In 2011, California's governor announced the state would close 70 of its 278 parks because of budget issues. California's Department of Parks and Recreation (DPR) subsequently disclosed that it had additional money in reserve. The legislature has since appropriated about $20 million to keep open parks previously slated for closure. The legislature also passed the California State Parks Stewardship Act of 2012, which (1) requires DPR to develop a plan to increase revenue from state parks and (2) allows residents to purchase annual park passes on tax returns (AB 1589).

In addition, the New York Times reports that some states are reducing the number of full-time park employees and park hours, imposing new entrance and parking fees, relying more on volunteers, and reducing services like routine maintenance and repairs (see http://www.nytimes.com/2011/06/07/us/07parks.html).

Connecticut is unique compared to other states in that it relies heavily on seasonal employees to deliver services at state parks, according to Thomas J. Tyler, director, State Parks and Public Outreach Division, Department of Energy and Environmental Protection. Only Maine and Vermont approach Connecticut's level of reliance on seasonal employees. Mr. Tyler reports that roughly 85% of Connecticut park employees are seasonal (550 seasonal versus 96 full-time employees). On a busy weekend or holiday, seasonal staff can make up about 97% of park staff.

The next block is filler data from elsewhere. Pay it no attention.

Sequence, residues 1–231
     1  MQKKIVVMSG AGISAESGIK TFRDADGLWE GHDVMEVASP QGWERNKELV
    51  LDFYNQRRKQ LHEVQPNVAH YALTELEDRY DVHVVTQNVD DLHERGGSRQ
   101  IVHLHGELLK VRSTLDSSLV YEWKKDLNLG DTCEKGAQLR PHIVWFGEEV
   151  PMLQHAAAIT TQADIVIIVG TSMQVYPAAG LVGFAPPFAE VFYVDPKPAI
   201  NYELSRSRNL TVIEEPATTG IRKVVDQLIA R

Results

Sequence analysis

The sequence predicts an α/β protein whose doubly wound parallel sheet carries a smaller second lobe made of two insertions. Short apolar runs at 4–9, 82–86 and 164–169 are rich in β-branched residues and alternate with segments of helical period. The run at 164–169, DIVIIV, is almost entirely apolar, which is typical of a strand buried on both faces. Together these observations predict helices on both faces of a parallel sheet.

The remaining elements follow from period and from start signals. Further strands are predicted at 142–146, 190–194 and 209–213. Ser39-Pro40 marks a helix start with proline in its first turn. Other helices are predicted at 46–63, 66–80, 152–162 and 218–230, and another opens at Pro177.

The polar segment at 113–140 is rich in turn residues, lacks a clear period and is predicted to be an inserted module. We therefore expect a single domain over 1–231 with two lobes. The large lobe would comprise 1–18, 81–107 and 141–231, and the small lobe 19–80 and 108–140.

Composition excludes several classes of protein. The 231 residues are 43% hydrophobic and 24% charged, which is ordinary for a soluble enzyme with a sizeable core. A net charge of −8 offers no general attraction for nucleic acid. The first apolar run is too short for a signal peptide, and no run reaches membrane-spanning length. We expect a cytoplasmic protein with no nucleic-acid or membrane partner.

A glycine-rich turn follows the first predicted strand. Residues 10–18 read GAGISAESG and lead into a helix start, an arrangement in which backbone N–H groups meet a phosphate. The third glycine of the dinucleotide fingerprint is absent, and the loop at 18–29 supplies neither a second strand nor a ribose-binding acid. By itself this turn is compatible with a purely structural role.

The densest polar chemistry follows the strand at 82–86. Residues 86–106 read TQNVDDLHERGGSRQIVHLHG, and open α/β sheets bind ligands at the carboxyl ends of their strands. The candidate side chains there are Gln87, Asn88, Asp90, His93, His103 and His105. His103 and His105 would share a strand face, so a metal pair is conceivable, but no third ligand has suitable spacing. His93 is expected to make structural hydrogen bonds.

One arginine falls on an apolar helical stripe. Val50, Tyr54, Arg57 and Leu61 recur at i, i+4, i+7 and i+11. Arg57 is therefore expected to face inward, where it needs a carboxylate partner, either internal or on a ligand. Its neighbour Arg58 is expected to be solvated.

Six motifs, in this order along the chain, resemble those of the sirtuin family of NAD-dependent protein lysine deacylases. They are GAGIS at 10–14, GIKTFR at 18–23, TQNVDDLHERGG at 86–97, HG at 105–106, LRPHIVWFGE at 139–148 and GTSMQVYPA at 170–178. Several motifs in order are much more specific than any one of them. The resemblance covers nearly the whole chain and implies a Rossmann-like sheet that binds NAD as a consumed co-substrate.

Table 1 provides examples of states that have revenue streams dedicated to state parks.

Table 1: Select States with Revenue Dedicated to State Parks





Ark. Const., Amendment 75